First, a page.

Long-awaited regulations governing New Brunswick's shale gas industry are still on hold.
It was expected David Alward's government would unveil new regulations on Thursday. Instead, the government released a discussion paper with more than 100 recommendations and the promise of a consultation tour.
The discussion paper could eventually become the regulations, but not until after a sixty-day public consultation period.
"My main objective is to put the legislation in in the fall," says New Brunswick Natural Resources Minister Bruce Northrup. "We get back sometime in the middle of November, before Christmas, so I want this legislation in place going in to 2013."
Among the 160 recommendations is increased royalties to be paid by industry, protection of water sources and intense monitoring of the entire process.
"If the industry does progress, we'll certainly meet the needs that we feel are needed and come to a level of staffing that will ensure the level of protection of the people out there," says New Brunswick Environment Minister Bruce Fitch.
Reaction to the recommendations and the government's plan was swift and pointed.
"The regulations that we are waiting for are not really there because it's still a discussion paper," says Liberal MLA Denis Landry.
"We've seen that the prices have collapsed, the environmental questions are unanswered and the risks are huge," added NDP Leader Dominic Cardy. "Why spend all this money setting up world class regulations for an industry that's not going to give us anything in return?"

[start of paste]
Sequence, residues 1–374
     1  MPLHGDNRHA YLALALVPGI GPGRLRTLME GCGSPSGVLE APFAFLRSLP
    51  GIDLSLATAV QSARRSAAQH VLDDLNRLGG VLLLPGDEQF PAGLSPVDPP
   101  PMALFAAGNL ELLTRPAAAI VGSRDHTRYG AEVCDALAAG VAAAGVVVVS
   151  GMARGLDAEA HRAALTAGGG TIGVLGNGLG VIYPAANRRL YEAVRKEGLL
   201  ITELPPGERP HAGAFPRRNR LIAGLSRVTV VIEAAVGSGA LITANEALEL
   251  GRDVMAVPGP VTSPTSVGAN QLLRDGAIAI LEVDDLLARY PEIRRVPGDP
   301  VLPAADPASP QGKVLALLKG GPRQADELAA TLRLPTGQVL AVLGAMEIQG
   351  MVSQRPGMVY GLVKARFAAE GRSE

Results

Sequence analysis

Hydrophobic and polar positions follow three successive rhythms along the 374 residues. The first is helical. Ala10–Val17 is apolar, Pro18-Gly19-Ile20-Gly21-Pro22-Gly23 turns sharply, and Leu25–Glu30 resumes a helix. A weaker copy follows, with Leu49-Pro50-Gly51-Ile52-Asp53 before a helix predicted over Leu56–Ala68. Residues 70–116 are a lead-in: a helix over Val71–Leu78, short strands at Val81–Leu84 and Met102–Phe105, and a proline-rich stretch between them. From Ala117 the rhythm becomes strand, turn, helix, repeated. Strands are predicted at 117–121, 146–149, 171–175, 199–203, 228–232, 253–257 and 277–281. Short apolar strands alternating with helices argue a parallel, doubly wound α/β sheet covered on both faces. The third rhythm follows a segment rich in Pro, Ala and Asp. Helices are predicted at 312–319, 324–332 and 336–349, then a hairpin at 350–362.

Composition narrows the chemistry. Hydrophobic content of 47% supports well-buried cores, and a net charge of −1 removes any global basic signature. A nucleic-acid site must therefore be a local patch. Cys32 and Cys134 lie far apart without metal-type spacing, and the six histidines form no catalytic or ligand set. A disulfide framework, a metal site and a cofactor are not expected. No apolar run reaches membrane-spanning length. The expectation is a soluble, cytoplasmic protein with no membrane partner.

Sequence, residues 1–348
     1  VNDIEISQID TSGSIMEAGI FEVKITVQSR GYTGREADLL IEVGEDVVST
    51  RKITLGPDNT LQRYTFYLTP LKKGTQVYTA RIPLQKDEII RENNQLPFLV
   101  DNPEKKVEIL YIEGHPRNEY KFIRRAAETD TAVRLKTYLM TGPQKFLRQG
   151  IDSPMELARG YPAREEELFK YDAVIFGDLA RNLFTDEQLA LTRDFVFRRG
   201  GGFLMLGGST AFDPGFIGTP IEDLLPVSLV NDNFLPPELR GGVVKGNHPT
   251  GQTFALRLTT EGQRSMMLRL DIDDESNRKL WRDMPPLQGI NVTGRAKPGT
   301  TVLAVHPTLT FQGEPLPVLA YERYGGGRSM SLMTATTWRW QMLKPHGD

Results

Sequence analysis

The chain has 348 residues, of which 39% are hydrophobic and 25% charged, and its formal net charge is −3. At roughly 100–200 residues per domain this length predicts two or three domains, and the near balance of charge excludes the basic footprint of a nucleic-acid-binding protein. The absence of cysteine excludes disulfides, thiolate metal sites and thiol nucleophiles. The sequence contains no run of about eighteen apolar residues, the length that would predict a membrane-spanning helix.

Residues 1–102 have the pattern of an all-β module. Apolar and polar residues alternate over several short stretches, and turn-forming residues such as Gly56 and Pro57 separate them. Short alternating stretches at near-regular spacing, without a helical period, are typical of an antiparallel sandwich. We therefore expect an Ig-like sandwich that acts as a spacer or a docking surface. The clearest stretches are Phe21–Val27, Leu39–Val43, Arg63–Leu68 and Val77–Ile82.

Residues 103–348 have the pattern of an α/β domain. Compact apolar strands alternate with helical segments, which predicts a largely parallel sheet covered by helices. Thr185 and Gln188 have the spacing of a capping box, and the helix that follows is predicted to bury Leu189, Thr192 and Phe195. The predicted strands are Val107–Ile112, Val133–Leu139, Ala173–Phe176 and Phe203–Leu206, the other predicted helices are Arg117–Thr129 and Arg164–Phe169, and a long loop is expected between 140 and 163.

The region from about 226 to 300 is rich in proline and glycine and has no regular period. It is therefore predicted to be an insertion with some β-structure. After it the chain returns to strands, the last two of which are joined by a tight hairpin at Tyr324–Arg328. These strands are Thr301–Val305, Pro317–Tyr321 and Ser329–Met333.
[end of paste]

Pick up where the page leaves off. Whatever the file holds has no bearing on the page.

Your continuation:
Tracy Glyn of the New Brunswick Conservation Council doesn't think the shale gas industry is good for the province, regardless of the regulations.
"It doesn't matter what type of regulations we bring in, it's not an industry that is suitable for New Brunswick or probably anywhere in the world," says Glyn.
Angie Leonard of the Canadian Association of Petroleum Producers welcomes the clarification the recommendations could bring.
"Industry welcomes regulations that provide for reasonable and responsible development in any jurisdiction and, obviously, safety does come with a cost and we'll analyze those costs," says Leonard.
Northrup says there is time to consult on the regulatory framework and no fracking is scheduled to take place this year.
With files from CTV Atlantic's Andy Campbell